Nov. 27 (Bloomberg) -- Standard & Poor’s cut its credit outlook for four Malaysian lenders on concern that rising home prices and household debt are contributing to economic imbalances in the country.
The credit ratings company revised its outlook to negative from stable for CIMB Group Holdings Bhd., AmBank (M) Bhd., RHB Bank Bhd. and sister company RHB Investment Bank Bhd. It also lowered its long-term Asean regional scale rating on CIMB to axBBB+ from axA-, S&P said in an e-mailed statement today.
“The negative outlook recognizes the potential for deterioration in the banks’ asset quality and financial profile, if the consumer debt burden proves excessive in an unfavorable economic scenario,” S&P analysts Ivan Tan and Deepali V. Seth wrote in the report.
Ratings companies have sent mixed signals on Malaysia’s credit worthiness as Prime Minister Najib Razak seeks to rein in the budget deficit. Fitch Ratings lowered its outlook on the nation’s A- sovereign rating to negative in July on public debt concerns. Moody’s Investors Service raised the outlook on the country’s A3 debt to positive this month, citing improved prospects for fiscal consolidation and macroeconomic stability.
S&P rates Malaysia A-, its fourth-lowest investment grade. Najib cut state subsidies and set a date to introduce a goods and services tax in April 2015 during his Oct. 25 budget address.
“The banks do face an increased risk, but it may be premature to view it negatively,” Yeah Kim Leng, chief economist at local ratings company RAM Holdings Bhd., said by phone in Kuala Lumpur today. “In view of the improving economic outlook, all those risks emanating from high household leverage and high property prices may not warrant such a negative view.”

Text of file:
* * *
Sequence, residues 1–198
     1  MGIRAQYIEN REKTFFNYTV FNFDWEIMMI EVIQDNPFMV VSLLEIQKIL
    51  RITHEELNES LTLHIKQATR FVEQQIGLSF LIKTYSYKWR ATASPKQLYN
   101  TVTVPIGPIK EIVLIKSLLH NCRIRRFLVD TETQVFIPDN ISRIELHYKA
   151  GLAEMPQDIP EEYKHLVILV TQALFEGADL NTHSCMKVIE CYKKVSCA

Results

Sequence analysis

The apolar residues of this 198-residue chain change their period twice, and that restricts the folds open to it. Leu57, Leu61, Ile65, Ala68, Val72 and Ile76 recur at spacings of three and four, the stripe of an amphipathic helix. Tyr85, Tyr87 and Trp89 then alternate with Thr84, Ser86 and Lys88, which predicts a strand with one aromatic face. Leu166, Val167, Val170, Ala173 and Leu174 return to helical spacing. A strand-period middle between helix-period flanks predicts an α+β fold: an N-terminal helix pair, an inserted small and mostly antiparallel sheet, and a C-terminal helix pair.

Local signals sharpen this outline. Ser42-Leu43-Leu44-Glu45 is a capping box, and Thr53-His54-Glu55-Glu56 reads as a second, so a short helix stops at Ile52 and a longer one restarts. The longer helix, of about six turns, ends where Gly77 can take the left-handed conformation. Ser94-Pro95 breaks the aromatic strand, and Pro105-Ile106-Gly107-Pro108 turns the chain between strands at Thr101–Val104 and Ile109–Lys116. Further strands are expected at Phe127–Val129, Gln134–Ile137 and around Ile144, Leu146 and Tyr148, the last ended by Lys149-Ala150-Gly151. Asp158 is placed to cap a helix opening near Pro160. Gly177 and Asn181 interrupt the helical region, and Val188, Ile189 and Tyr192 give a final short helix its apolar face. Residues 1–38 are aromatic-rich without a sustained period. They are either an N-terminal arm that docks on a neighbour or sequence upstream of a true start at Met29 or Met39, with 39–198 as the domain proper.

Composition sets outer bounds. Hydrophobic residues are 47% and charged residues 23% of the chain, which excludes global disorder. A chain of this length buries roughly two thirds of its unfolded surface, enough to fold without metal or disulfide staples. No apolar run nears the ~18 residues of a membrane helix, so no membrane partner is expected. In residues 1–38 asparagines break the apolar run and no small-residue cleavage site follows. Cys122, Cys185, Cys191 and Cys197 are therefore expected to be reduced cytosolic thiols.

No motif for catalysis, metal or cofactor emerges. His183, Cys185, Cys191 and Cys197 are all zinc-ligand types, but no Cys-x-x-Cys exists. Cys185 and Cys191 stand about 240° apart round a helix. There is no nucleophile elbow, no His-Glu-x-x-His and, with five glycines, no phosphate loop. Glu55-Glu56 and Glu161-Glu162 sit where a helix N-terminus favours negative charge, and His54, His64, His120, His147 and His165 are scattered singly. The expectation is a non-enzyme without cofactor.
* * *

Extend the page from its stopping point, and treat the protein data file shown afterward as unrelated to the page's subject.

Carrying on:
Malaysia’s economy is projected to expand by 5 percent next year, up from an estimated 4.5 percent in 2013, according to economists’ forecasts compiled by Bloomberg.
The nation’s central bank shortened the maximum length on mortgages in July, saying household indebtedness had risen by an average 12 percent per annum in the past five years. Last month, the government said it will stop developers from helping home buyers by absorbing some interest payments on loans. It also raised the capital gains tax to 30 percent on homes sold within five years to curb speculation.
“The negative outlook reflects the possibility that we may lower the ratings on these financial institutions if the growing economic imbalances lead us to a more negative view of the environment in which Malaysian banks operate,” S&P said in its report.
CIMB shares fell 0.4 percent to close at 7.60 ringgit in Kuala Lumpur today. RHB Capital Bhd., which owns RHB Bank and RHB Investment, dropped 1.8 percent to 7.71 ringgit. AMMB Holdings Bhd., which owns AmBank, gained 0.7 percent to 7.40 ringgit.
To contact the reporter on this story: Chong Pooi Koon in Kuala Lumpur at firstname.lastname@example.org
To contact the editor responsible for this story: Chitra Somayaji at email@example.com